• Look for the Truth in Lending Act (TILA) in the document. This page will list the amount financed, the finance charge, the Annual Percentage Rate, and what the total amount of the payments will be at the end of the loan.
3. If you are currently having trouble managing your debt or have high interest rates on your loan or credit cards: Seek out help from a free financial counselor or coach today!


Here are some of the financial counseling services offered by nonprofits in the Northeast Ohio Region that we recommend:

  1. Cleveland Neighborhood Progress – communityfinancialcenters.org
  2. ESOP at Benjamin Rose Institute on Aging (for seniors and housing) – esop-cleveland.org
  3. United Way’s Financial Empowerment Center (FEC) – uwsummit.org/FEC
  4. CHN Housing Partners – chnhousingpartners.org

Resources for small business owners:

  1. ECDI (throughout Ohio) & the Women’s Business Center – ECDI.org
  2. Ohio Small Business Development Centers (SBDCs) – clients.ohiosbdc.ohio.gov
  3. SCORE – score.org


About HFLA of Northeast Ohio

HFLA of Northeast Ohio was founded in 1904 with $501 donated by Charles Ettinger, Morris Black, and their friends to help European refugees settle and begin productive lives in this country. They believed – as we do now – that if you give someone a chance to succeed, they will pay it back and we can continue this transformative cycle. The same principle guides the organization today. By providing interest-free loans to individuals, families, and small businesses in the Northeast Ohio area, we are able to help people help themselves. The association has drastically increased its lending capital in the past few years from individual gifts, bequests, endowments, foundation grants, memorials and honorariums and is now operating with a loan fund of over $1 million. HFLA is a 501(c)3 non-profit organization. Learn more about HFLA.

Get involved and stay up to date by subscribing to our quarterly newsletter or following us on social media.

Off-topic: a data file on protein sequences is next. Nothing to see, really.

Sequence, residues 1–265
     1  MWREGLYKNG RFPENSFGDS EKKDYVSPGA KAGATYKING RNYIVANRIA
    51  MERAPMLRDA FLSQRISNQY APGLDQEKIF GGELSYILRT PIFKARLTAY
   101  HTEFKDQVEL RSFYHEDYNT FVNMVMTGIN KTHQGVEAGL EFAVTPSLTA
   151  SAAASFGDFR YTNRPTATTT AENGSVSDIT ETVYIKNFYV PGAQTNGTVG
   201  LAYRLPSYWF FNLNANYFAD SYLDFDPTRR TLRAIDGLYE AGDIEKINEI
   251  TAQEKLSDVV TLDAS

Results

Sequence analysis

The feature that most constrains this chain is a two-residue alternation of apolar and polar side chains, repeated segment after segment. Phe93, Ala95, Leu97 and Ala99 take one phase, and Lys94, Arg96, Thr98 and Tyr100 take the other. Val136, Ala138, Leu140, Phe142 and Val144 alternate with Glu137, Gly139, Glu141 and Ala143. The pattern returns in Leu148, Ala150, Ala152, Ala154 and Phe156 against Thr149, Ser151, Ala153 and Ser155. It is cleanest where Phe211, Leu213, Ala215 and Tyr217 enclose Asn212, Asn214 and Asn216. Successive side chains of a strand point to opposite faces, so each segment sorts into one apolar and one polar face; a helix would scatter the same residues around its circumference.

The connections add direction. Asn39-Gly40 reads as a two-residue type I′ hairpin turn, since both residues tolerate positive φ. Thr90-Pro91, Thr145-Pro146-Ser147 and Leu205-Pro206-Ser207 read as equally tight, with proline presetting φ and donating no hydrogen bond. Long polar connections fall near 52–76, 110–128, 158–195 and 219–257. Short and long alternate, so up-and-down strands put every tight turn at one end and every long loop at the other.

2019 Year in Review

2019 was a record year for HFLA of Northeast Ohio.

We have seen a remarkable jump in loans disbursed, are moving more Northeast Ohioans toward financial stability, and are now able to plan steady and deliberate growth into the future.

This exemplary year would have never been possible without the dedication and advocacy of our supporters. With the continued commitment of our donors, board members, loan recipients, and staff we can maintain this growth that has built upon itself for the last 115 years and perpetuate HFLA’s ability to strengthen individuals and families into the future.

For the first time in over two decades we disbursed 100 loans in the year, surpassing 2018’s loan disbursements by 23 loans. This significant jump clearly shows the impact of our dollars at work. These interest free loans directly impacted 266 individuals within Northeast Ohio and countless others when considering the economic impact of the small business loan recipients.

We continued our efforts to financially empower our loan recipients, and are happy to announce that 100% of 2019’s loan recipients are having their loans reported to the three major credit bureaus. This is moving them closer to their financial goals and increasing their financial stability. Building and maintaining positive credit is a major stepping stone towards financial freedom for many of our borrowers. In making timely payments on our loans, our borrowers are heading toward becoming capable of receiving traditional financing for mortgages and personal loans in the future.

With the growth that HFLA has experienced, and the clear demand for affordable capital in the region, we know that we need to create clear and concrete steps towards the future. This year, HFLA of Northeast Ohio will be creating a new strategic plan to chart the next 3-5 years. In creating this plan we will keep our stakeholders at the forefront of our conversations and will continue to rely on our core supporters and community advocates.